Don’t think I’ll forget
the way you spoke the things said
Pleas fell on deaf ears
like tears on comfortless sheets,
drowning me in grief;
today I feel fine,
and yet I still ask myself
why you had to leave.
– Alejo X.
P.S. Many thanks to my father, a detail of one of whose artworks accompanies this poem.
I’m everything that you thought, ’cause I’m everything that you’re not.
Where did it come from? What does it mean?
The line is from the song “Stubborn Love” by Seaway, a Canadian band I’ve been listening to since discovering their music sometime during my first year of university, around four years ago. As for what it means, I obviously cannot speak on behalf of the band, but the beauty of music is that it invites everyone to interpret it in their own way. This is what it means to me.
First, a little context: I began this blog shortly after the end of a six year relationship, following which this song (already a favourite from their best album – in my opinion, anyway – Colour Blind) took on a new meaning. I have always liked how the song is energetic despite tackling complex emotional content, but it is how the lyrics capture the topsy-turvy roller coaster of emotion that I have been through following the break up that has given the song such significance during my healing process. One such example is the contrast between the chorus line “Cause tonight your hair falls around your ears / And it makes me want to stay”, later inverted upon its final repetition; “But tonight your hair falls around your ears / And it makes me want to leave“.
But it’s the line that I took inspiration for the blog’s name and tagline from that touched me most deeply; my ex and I always seemed to be opposites in most ways, and yet so compatible. It could have been easy to fall into a pattern of thinking in which I saw myself as no longer whole, or broken, but this line always reminds me to never forget the things I have to be proud of and love about myself – not only my strengths, but also the positive things that I brought to the relationship – instead of only focusing on what I’ve lost.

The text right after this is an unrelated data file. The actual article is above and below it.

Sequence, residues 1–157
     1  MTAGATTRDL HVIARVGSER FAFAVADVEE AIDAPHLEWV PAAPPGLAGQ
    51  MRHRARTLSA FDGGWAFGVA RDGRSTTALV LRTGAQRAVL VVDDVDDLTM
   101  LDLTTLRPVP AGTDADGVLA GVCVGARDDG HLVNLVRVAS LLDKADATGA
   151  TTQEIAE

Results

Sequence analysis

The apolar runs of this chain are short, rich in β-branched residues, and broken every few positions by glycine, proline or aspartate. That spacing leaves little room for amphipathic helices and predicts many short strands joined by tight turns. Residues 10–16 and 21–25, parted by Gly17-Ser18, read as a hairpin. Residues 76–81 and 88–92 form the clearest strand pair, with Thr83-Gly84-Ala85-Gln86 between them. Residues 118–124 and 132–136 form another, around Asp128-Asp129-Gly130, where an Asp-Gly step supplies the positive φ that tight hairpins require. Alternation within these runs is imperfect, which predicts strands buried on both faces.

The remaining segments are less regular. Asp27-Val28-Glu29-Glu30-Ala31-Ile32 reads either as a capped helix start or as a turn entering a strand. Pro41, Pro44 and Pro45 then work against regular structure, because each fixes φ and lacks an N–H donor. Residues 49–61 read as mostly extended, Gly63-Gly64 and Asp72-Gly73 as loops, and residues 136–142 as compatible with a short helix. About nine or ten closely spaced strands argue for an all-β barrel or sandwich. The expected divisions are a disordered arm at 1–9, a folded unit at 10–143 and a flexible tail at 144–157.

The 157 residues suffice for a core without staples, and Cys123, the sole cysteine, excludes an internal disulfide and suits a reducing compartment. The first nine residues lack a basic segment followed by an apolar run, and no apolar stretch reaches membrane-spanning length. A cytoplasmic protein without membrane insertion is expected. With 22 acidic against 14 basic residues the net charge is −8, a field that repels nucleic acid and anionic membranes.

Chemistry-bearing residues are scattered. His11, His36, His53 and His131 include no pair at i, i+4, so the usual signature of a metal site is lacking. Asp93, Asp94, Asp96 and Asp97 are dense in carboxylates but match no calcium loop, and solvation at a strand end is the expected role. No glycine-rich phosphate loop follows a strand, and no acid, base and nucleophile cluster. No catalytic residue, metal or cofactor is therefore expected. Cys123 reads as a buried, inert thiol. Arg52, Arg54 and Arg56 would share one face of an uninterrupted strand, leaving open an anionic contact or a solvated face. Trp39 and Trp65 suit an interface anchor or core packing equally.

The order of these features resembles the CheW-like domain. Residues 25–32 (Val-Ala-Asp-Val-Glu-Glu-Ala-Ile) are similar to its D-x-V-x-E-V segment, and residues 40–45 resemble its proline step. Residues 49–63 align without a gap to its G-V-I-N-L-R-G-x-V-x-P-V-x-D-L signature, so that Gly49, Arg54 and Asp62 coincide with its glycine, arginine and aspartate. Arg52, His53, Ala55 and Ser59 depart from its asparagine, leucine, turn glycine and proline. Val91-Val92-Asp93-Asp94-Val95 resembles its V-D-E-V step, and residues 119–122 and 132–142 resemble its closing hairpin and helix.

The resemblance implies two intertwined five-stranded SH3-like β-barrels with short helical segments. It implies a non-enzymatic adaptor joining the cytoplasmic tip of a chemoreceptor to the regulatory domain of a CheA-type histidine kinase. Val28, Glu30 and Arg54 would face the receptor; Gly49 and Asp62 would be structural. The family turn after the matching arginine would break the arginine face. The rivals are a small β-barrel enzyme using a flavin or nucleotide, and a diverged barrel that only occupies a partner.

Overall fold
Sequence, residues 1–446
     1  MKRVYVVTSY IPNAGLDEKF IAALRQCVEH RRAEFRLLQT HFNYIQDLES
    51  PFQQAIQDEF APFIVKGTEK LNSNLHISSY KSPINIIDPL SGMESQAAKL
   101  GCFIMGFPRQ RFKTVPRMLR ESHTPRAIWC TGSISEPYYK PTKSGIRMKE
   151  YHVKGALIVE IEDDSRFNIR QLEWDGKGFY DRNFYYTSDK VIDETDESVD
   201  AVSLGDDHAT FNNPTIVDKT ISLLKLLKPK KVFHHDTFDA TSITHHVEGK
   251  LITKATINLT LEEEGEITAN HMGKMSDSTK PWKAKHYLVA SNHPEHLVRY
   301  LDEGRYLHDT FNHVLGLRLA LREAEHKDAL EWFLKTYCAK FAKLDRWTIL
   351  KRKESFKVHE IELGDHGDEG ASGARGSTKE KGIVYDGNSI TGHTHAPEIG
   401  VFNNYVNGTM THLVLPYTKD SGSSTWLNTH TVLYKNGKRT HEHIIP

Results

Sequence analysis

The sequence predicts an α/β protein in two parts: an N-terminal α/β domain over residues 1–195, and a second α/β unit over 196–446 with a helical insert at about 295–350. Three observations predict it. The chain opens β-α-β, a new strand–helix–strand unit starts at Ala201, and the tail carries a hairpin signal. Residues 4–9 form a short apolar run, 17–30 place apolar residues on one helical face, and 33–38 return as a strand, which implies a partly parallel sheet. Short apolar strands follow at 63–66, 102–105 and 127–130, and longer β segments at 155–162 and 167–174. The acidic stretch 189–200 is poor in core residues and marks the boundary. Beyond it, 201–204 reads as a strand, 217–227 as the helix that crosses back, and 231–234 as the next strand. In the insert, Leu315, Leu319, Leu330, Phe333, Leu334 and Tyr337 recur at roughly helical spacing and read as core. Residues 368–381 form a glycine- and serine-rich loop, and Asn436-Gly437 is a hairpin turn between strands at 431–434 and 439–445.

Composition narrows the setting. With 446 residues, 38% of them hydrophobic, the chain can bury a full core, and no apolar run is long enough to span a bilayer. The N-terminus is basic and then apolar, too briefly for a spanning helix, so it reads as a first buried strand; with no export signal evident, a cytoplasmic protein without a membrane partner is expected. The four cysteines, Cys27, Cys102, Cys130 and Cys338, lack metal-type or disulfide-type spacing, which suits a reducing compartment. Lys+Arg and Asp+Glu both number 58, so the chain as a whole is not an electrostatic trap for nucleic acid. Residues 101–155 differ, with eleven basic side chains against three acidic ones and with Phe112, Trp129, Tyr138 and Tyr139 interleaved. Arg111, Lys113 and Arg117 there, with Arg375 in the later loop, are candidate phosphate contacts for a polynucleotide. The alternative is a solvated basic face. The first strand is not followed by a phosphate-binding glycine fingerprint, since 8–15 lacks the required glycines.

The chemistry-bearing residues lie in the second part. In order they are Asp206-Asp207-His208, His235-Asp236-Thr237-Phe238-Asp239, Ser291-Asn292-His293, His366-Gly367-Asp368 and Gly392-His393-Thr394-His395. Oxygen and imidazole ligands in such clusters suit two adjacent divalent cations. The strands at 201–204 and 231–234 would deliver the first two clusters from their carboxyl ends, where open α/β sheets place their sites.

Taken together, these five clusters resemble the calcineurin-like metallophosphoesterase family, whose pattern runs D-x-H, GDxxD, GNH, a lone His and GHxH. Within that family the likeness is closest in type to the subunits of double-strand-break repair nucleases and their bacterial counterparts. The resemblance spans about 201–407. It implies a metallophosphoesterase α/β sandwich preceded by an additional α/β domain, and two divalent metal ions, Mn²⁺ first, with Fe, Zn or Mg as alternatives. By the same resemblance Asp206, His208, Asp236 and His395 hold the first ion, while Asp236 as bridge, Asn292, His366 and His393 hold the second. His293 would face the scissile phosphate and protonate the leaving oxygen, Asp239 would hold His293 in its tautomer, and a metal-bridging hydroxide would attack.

And so, that simple line became my personal mantra at my lowest moments; for I lost someone special and unique, but so did she.
Earlier today I was behind the wheel of my car, singing along to my music as I powered up the road home from Portsmouth – the most recent in a series of trips over the ten weeks since finishing my Master’s degree that have put a further three thousand miles on the clock. Had I travelled any other way it wouldn’t have been so simple to spontaneously stay for the cosy night of film watching and pizza we had after my hosts’ double date plans fell through yesterday, particularly given how infamously unreliable public transport is on a Sunday here in Britain… What’s more, journey times are often (though admittedly not always) quicker by car than even the fastest option by public transport, and sometimes cheaper given my car’s phenomenal fuel efficiency (66 miles to the gallon or thereabouts).
My love of driving extends far beyond its practicalities; I like that there is no timetable, no set route, and that I can be completely in control. Getting behind the wheel of my little black car lets the journey become part of the adventure on any trip – whether freely racing through country lanes, or late night cruises through deserted city streets that by day would be stationary with traffic, as if reserved solely for me to explore. While driving I have witnessed police chases, car crashes, and even once saw a lorry burst into flames. I even accidentally discovered my favourite skatepark by driving an alternate route to a shopping centre; by bus the route would have never changed.
But beyond the driving experience itself, my car has played host to many emotional events. I have thought up stories, worked through problems, and have had moments of inspiration so intense I have had to pull over to jot down a lyric or two. I have whooped with joy on the way home from landing a new trick on my skateboard, still loaded with adrenaline, and I have lost myself in music after a tiring or stressful day, finding respite in finally being alone, safe from the world in my own private little box. It is also where I once laughed and sang and dreamed with the person I loved, and where I sat alone and cried the night it ended.
Who knows where it’ll take me next.